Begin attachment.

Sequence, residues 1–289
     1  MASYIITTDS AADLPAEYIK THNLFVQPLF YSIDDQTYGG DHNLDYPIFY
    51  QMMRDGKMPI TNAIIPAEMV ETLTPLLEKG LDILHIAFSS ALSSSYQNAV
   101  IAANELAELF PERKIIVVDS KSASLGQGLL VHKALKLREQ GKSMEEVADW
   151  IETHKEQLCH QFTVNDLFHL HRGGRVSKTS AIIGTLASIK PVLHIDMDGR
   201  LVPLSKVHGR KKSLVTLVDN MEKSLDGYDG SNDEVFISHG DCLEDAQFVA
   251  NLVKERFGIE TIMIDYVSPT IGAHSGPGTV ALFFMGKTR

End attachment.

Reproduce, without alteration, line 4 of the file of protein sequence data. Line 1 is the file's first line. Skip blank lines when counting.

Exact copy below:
   101  IAANELAELF PERKIIVVDS KSASLGQGLL VHKALKLREQ GKSMEEVADW